China and US spar over climate on Twitter
The present reality is that climate change is already upon us.

BEIJING, China (AP) — The world's two biggest emitters of greenhouse gases are sparring on Twitter over climate policy, with China questioning whether the US can deliver on the landmark climate legislation signed into law by President Joe Biden this week.

"You can bet America will meet our commitments," US Ambassador to China Nicholas Burns tweeted in response on Wednesday, using a national flag emoticon for America. He called on China to resume suspended climate talks, writing, "We're ready."

The punchy exchange, part of a longer back and forth on Twitter, is emblematic of a broader worry: US-China cooperation is widely considered vital to the success of global efforts to curb rising temperatures. With the breakdown in relations over Taiwan and other issues, some question whether the two sides can cooperate.

After Congress passed the Climate Bill last Friday, Burns took to Twitter over the weekend to say the US was acting on climate change, with its largest investment ever and that China should follow.

On Tuesday night, China's Foreign Ministry responded with its own tweet: "Good to hear. But what matters is: Can the US deliver?"

The verbal skirmish grew out of China's suspension of talks with the US on climate and several other issues earlier this month as part of its protest over a visit to Taiwan by a senior American lawmaker, House Speaker Nancy Pelosi.

Climate has been one of the few areas of cooperation between the feuding countries. US officials criticised China's move, with Secretary of State Antony Blinken saying it "doesn't punish the United States — it punishes the world".

Asked to respond, Chinese Foreign Ministry spokesperson Zhao Lijian called on the US last week to "deliver on its historical responsibilities and due obligations on climate change and stop looking around for excuses for its inaction".

The ministry later tweeted some of his answer, and Burns responded four days later with his tweet on the US Climate Bill. Using the abbreviation for the People's Republic of China (PRC), he ended with, "The PRC should follow+reconsider its suspension of climate cooperation with the US."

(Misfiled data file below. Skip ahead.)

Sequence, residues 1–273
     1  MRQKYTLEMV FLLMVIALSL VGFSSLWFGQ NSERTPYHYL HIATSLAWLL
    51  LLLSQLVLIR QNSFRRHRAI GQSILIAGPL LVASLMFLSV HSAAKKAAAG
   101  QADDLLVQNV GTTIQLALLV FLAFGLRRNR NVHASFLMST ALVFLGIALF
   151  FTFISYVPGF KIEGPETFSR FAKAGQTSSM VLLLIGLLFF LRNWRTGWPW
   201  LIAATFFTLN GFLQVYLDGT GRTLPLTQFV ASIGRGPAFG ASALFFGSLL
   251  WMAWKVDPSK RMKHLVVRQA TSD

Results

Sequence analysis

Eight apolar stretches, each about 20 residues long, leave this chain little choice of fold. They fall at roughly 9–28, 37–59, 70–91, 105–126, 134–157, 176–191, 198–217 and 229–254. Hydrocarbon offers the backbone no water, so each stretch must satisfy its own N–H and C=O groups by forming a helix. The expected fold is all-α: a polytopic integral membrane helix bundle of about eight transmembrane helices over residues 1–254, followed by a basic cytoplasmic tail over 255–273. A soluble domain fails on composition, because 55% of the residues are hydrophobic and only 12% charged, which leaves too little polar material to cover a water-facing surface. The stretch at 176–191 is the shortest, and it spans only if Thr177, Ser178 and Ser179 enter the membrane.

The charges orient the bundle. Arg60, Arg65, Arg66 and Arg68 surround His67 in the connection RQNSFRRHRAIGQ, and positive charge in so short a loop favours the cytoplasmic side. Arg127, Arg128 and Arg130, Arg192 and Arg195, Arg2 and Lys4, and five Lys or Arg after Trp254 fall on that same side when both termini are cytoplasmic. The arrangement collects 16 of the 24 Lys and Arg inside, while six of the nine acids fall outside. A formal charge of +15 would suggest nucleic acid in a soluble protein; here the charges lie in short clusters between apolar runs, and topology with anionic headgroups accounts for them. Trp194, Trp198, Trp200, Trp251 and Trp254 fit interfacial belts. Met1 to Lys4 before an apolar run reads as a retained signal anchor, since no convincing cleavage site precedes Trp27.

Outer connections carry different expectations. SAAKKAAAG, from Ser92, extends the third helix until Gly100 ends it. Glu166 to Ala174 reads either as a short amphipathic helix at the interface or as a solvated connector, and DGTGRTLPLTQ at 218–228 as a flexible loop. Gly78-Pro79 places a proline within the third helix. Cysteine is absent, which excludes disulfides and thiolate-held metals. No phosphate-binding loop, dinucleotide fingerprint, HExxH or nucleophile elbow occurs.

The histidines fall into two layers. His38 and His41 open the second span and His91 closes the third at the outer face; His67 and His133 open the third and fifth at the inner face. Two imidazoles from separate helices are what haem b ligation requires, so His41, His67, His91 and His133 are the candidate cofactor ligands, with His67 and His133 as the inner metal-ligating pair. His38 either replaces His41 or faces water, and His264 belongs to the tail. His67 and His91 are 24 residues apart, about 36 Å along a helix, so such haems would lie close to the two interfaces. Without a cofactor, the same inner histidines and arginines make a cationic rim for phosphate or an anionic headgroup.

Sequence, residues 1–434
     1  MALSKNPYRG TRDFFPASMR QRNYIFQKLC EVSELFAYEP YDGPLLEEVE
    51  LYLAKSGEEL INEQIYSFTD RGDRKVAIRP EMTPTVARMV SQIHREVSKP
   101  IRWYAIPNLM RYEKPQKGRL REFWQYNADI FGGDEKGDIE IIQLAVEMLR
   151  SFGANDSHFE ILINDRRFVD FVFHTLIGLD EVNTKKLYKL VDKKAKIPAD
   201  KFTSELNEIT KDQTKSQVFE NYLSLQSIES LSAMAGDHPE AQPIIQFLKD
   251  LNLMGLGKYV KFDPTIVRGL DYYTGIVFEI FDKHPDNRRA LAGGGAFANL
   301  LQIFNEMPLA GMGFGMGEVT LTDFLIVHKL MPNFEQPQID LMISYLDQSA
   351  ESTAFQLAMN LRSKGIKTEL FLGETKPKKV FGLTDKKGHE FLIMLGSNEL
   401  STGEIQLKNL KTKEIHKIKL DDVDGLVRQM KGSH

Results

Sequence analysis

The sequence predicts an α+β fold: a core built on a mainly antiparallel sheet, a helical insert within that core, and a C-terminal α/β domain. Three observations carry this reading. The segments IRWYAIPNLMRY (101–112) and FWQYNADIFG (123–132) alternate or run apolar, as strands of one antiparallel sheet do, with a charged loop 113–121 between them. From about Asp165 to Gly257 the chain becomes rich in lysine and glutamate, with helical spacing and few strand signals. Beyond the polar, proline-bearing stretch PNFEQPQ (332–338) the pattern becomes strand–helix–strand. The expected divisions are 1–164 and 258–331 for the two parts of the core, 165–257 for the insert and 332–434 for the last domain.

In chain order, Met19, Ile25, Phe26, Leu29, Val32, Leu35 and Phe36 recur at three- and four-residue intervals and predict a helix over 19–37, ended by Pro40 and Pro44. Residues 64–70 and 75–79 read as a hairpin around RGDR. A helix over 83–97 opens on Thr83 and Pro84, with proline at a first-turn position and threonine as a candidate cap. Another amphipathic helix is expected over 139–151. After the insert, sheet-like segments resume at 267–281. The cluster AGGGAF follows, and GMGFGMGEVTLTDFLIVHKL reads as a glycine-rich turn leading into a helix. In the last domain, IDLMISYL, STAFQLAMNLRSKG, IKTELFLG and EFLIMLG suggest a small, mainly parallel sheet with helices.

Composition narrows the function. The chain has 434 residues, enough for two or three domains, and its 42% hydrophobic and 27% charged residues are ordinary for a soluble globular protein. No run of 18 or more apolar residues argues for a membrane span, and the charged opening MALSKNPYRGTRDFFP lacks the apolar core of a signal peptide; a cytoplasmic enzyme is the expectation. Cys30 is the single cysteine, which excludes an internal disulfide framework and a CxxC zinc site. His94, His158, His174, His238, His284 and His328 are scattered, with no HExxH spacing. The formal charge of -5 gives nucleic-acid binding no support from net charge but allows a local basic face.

China elaborated on its "Can the US deliver?" message with a second tweet suggesting that the US meet rich country pledges to help poorer countries cope financially with climate change and lift sanctions imposed last year on solar industry exports from China's Xinjiang region because of allegations of forced labour.

The Twitter battle highlights a perception divide between the long-standing superpower that wants to lead and the rising power that no longer wants to feel bound to follow anyone else's direction.

The decision by former President Donald Trump to pull the US out of the Paris Climate Accord — reversed by Biden after he took office last year — dealt a blow to American credibility on the issue.

A Chinese expert praised parts of the US legislation but said it is overdue and not enough.

"Although there are some breakthrough achievements in the Bill, I am afraid it can't re-establish US leadership on climate change," said Teng Fei, a professor at Tsinghua University's Institute of Energy, Environment and Economy.

US climate envoy John Kerry has been pressing China to set more ambitious climate goals. China has responded that its goals are realistic, given its development needs as a middle-income country, while the US sets ambitious goals that it fails to achieve.

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